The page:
Beau Dean Riley-Smith's Bennelong brought up by the men of his Wangul tribe (Photo by Daniel Boud)

Posted by Jeremy Eccles | 02.07.17

Dates: 29.06.17 : 16.09.17

“Bennelong is in all of us, as we navigate the ancient and modern elements of our lives”. These words of choreographer Stephen Page in the program for his latest dance biography of the man who probably called himself Wollarawarre, but whom we know as Bennelong (Big Fish) after his skills as a fisherman, reveal just a hint of the importance Page gives the man and the trials of his life. For there's a strong sense of self-identification between the choreographer and the fully-tribal Wongal man who became such an interlocutor between the English invaders and his own Eora Nation that the former built him a house on the great meeting place of the latter – now Bennelong Point – though he may well have been rejected by the latter for 'selling out', turning to drink and being buried by white people in the grounds of Sydney's first brewer, James Squire.

Eight years ago I interviewed Stephen Page for the 20th anniversary of that durable mob, the Bangarra Dance Theatre, and found him quite bitterly presaging the thinking behind those opening words: “(I) still (find myself) discriminated against by the traditionals today – we're not really Black enough for them. They see the stories being stolen from them. But I belong to the heritage of this land – it doesn't matter that I'm not a full-blood. What matters is where I come down on the big debate today – is the Black perspective equally valid to the white one?”. (Realtime 05/08/09)

So an inherent sympathy for the boundary-crossing Bennelong, who may have been seized and chained by Governor Phillip initially, but went on to thrive on many of the novelties offered by the Brits, and willingly took an amazing Moon-shot voyage to London, returning to the virtual rejection by his own family and those of his people who'd survived the smallpox epidemic that had struck only a year after 'Australia Day' 1788 – dining with the governor rather than living the Wongal life and fishing.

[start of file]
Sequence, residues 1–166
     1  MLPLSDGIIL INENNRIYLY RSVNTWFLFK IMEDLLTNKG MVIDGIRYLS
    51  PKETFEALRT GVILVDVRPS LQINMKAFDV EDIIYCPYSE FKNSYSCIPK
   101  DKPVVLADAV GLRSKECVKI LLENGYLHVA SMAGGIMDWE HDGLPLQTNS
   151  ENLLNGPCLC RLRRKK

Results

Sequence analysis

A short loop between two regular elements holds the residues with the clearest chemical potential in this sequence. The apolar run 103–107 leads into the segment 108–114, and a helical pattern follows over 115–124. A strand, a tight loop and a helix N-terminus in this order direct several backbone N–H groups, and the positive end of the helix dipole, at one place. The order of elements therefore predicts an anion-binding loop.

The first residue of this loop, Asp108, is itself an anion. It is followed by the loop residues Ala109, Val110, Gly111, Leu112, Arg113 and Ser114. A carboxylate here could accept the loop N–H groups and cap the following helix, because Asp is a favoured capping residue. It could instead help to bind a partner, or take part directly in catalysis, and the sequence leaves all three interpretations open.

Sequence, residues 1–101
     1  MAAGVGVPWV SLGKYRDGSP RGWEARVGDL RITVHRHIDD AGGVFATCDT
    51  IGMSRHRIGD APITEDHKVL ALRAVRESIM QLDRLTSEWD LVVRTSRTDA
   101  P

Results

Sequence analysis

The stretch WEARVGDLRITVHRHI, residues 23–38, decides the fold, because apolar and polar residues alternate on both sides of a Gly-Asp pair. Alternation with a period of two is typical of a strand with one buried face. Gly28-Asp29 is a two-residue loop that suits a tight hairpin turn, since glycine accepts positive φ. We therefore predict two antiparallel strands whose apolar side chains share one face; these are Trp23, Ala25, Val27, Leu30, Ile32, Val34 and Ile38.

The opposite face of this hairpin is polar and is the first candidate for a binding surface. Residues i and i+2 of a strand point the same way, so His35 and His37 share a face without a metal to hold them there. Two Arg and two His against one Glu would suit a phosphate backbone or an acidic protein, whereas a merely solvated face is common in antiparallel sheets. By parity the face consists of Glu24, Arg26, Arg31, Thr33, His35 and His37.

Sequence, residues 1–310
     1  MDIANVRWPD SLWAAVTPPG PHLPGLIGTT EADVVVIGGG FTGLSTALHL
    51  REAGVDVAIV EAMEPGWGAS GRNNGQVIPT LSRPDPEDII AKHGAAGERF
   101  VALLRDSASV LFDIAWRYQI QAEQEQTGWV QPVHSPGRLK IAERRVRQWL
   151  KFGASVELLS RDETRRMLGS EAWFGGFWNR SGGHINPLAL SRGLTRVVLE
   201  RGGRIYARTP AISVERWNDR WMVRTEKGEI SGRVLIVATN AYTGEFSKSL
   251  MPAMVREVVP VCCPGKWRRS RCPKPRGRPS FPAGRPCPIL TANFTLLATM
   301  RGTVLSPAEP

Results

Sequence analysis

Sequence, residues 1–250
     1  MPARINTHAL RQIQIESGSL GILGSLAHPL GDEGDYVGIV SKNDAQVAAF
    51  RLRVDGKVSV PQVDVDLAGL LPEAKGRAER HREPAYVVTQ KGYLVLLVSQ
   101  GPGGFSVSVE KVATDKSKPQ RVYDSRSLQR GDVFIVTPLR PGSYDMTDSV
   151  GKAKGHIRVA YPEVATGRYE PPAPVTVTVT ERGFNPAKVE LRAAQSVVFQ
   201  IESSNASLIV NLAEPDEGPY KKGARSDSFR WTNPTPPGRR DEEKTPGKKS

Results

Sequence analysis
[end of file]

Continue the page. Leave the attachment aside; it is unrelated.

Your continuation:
Such complexity. But how to show it in dance? I was reminded of Graeme Murphy's heroic career at the Sydney Dance Company, where I'd often thought that he found making abstract dance easier than inventing narrative dances. I suspect Page may be the same. I've always raved over his original Ochres, where he delved movingly into the mythic and Blak, where his take on Indigenous urban problems was angry and powerful without requiring any particular story.

Bennelong certainly required a story, and Page gathered collaborators to assist – dramaturg/poet Alana Valentine; cultural consultant, Tharawal man, Matthew Doyle, whose local understanding and language contribution now feel so much deeper than his 1997 work, Wirid-Jiribin; composer Steve Francis, both benefiting and burdened by his inheritance from the late David Page, the absolute creator of the Bangarra sound that fearlessly crosses from remote tribal to close-by night-club; designers Jacob Nash (set), Jennifer Irwin (costumes – how many shows has she done for Bangarra now?) and the veteran Nick Schlieper (lighting), and, of course, the dancers. No fewer than 18 were on stage, all Indigenous and increasingly trained at schools like WAAPA and QUT, even L'Ecole-Atelier Rudra-Bejart in Switzerland, though half have also gone through NAISDA and several the Aboriginal Centre for the Performing Arts in Brisbane, the two dedicated Indigenous academies.